New from Sarah Welch-Larson on Substack: 22: Vampire Movies

It’s spooky movie season. I like watching horror movies year-round, but the moment the weather starts to sour and my hands start getting cold, my desire to curl up under an afghan blanket and watch something that makes the pit of my stomach drop a little kicks into overdrive.

I also didn’t get into horror movies until a few years ago, around the same time that I wrote my book about the Alien series. I’d seen a few, sure, but the act of close reading Alien flipped a switch in my head. Horror wasn’t all that fun until I realized that I could think critically about it, and once I knew that that door was open to me, I let down my guard a little and found that I like the catharsis of seeing something scary—and that I like seeing the results of a lot of highly technical work. Practical effects and a lot of fake blood go a long way in my book.

I’m still a little picky about the horror movies I watch, and about where and when I watch them. I have to be in the right headspace; I have to brace myself for movies about home invasions or demons. So when October rolls around and I’m in the mood for monsters, I have two reliable options: vampires and classic Universal horror. I’ll get into the classic horror—and my favorite player in the space, Boris Karloff—in the October paid issue of this newsletter. This weekend I have vampires on the brain, thanks in part to a recent watch of Werner Herzog’s Nosferatu the Vampyre.

Vampires work for me better because they’re so singular, and so adaptable. Vampires channel fear of the Other (most vampire movies, but especially the 1931 Dracula), fear of sexuality (Twilight), religious fear (Ganja & Hess), fear of loneliness (Let the Right One In), fear of aging (Tony Scott’s The Hunger), fear of the loss of non-renewable resources (Daybreakers) class anxiety (Horror of Dracula), anxieties about youth culture (Dracula A.D. 1972). They can be repulsive (Nosferatu) or romantic (Bram Stoker’s Dracula—the 1992 one directed by Francis Ford Coppola). They’re petty and hilarious (What We Do in the Shadows) or else alien and terrifying (Carl Theodor Dryer’s Vampyr). In a cinematic climate where so many horror movies function as bald metaphors, I like vampires, because with vampires, the metaphor is malleable. Even when the metaphor is obvious, the execution can be frightening—and surprising.

Thanks for reading! If you have strong feelings about vampires vs. other movie monsters, or if you have a favorite vampire movie, I’d love to hear from you, either in the comments or in a direct reply.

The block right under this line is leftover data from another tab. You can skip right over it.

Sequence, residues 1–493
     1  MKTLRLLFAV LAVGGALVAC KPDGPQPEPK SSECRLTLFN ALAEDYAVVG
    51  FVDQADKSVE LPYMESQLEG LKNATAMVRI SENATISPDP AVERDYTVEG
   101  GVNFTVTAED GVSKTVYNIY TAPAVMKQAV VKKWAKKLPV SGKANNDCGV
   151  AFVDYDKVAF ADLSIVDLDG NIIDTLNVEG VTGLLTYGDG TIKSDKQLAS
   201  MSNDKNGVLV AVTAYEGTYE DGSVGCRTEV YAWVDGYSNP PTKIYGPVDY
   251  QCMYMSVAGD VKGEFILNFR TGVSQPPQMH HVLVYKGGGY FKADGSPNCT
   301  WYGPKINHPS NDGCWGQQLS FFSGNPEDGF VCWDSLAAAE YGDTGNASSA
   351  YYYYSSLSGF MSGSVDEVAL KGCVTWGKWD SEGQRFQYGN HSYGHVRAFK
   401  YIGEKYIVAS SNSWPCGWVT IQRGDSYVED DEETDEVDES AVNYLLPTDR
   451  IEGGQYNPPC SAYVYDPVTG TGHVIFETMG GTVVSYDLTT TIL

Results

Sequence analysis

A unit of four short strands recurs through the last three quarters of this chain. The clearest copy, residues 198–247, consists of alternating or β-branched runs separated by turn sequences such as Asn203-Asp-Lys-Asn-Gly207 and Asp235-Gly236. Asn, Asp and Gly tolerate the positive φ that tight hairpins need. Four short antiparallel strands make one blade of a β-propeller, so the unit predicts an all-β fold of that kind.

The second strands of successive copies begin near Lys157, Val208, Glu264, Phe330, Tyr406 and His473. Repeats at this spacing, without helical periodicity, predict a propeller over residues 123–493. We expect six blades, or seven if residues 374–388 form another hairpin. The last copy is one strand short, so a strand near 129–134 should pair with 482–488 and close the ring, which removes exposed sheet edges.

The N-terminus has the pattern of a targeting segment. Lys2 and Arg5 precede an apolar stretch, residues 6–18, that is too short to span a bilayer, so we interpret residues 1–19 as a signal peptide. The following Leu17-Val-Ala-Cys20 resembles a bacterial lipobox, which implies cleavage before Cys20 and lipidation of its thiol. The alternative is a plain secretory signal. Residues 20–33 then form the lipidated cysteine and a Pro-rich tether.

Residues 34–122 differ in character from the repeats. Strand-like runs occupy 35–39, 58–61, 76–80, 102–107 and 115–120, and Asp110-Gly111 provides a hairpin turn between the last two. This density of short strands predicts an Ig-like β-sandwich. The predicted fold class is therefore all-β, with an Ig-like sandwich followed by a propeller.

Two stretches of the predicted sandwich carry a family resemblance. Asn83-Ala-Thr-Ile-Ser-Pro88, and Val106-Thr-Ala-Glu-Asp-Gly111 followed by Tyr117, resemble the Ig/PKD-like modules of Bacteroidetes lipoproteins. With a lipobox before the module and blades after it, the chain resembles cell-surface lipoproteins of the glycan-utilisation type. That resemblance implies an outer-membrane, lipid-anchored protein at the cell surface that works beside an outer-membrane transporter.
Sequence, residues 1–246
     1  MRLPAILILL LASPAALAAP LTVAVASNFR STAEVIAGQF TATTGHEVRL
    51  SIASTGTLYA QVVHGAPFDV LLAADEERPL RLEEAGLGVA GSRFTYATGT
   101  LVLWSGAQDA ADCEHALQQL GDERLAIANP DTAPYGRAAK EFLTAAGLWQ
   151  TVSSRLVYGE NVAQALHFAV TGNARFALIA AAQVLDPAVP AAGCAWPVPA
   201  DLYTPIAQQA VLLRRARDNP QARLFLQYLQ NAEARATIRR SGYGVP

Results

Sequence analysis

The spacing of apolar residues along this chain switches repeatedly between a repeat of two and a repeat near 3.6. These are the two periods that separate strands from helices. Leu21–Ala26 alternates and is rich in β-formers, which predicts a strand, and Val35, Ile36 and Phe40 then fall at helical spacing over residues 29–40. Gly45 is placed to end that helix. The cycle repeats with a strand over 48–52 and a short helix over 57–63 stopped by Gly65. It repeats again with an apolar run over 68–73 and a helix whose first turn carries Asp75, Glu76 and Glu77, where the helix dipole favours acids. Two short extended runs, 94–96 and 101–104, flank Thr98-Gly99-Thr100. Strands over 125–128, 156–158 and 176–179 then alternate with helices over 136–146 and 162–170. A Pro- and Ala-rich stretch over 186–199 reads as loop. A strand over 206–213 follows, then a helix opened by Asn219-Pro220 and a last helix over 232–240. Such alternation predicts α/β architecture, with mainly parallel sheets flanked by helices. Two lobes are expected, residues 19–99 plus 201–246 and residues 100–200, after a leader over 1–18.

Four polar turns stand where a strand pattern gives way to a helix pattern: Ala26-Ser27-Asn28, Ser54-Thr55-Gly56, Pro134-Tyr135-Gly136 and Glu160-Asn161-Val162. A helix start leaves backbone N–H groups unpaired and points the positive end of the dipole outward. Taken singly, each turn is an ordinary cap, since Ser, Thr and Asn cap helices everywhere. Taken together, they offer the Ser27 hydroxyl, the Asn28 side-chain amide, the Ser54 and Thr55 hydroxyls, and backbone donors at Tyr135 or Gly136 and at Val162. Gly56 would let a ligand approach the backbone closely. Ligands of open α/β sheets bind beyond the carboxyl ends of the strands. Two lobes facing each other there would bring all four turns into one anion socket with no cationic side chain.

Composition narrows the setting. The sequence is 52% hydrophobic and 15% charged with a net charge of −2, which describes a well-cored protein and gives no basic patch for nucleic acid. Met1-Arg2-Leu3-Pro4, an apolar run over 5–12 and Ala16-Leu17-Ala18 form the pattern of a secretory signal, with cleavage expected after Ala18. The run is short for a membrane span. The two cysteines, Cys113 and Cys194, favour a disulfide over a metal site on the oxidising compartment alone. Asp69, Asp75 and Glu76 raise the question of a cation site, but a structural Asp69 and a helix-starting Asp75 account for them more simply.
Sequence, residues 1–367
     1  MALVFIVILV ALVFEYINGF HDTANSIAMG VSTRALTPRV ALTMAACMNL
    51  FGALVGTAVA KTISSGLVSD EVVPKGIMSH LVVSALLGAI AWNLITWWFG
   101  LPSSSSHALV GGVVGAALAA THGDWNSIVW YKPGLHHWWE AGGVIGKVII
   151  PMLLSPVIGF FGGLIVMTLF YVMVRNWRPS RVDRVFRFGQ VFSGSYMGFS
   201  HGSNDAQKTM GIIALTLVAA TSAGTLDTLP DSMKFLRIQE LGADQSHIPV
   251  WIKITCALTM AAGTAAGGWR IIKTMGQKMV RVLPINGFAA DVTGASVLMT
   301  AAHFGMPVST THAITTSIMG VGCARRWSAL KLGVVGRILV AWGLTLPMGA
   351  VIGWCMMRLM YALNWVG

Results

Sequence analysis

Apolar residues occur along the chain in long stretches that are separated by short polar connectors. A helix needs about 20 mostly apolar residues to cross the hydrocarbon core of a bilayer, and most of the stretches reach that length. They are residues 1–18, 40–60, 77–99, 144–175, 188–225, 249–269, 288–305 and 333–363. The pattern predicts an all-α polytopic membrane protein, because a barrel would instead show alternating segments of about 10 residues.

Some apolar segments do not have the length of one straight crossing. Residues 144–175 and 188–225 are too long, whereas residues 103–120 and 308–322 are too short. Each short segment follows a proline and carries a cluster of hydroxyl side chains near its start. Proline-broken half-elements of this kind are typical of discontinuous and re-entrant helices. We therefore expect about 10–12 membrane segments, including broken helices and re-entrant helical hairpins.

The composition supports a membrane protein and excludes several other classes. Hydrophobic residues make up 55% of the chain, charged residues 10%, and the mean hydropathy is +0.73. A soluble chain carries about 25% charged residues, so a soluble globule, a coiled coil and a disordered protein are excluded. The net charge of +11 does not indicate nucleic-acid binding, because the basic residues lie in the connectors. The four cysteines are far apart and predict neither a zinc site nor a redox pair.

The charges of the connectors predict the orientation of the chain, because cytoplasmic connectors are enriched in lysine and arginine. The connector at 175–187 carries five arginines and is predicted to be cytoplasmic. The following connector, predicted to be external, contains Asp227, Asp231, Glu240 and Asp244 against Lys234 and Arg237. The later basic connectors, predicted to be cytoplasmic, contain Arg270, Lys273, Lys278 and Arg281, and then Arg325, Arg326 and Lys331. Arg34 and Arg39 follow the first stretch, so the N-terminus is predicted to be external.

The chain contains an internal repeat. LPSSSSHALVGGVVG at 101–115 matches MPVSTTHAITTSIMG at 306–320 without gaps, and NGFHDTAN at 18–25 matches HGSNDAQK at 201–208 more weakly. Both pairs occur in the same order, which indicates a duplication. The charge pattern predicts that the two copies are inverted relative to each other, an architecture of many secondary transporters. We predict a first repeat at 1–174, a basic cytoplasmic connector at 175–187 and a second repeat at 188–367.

Subscribe now

What I talked about:

Kevin and I reviewed David O. Russell’s Amsterdam for the latest episode of Seeing & Believing podcast. It’s got a lot going for it on paper: a stacked cast, Emmanuel Lubezski as director of photography, and a story based on a pretty wild conspiracy that actually happened. Literally none of it worked for me, and we got into why in our review. We also talked about Robert Altman’s The Long Goodbye for our Watchlist segment—a movie that I’ve always liked, and is always growing on me.

What I watched:

Werewolf by Night on Disney+ is a TV-special-length experiment in porting Marvel properties into other genres. On paper, I like the idea of transforming Marvel superheroes into something other than their house style, but I don’t think Werewolf by Night works—it’s all still the same formula, albeit with slightly better set design, with a gray filter slapped over it in post-production.

What I’m reading:

I’m in the early chapters of A Little Devil in America: In Praise of Black Performance by Hanif Abdurraquib. It’s a terrific piece of criticism, the kind that folds personal experience into rigorous analysis with no visible seams in a way that clarifies the world.

The Dodgy Boffin is a reader-supported publication. To receive new posts and support my work, consider becoming a free or paid subscriber.

from The Dodgy Boffin

Leave a Reply

Fill in your details below or click an icon to log in: Logo

You are commenting using your account. Log Out /  Change )

Twitter picture

You are commenting using your Twitter account. Log Out /  Change )

Facebook photo

You are commenting using your Facebook account. Log Out /  Change )

Connecting to %s